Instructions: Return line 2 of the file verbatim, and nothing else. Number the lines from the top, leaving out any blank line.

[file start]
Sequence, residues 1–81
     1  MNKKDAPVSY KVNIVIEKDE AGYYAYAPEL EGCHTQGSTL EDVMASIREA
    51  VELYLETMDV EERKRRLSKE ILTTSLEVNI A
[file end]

     1  MNKKDAPVSY KVNIVIEKDE AGYYAYAPEL EGCHTQGSTL EDVMASIREA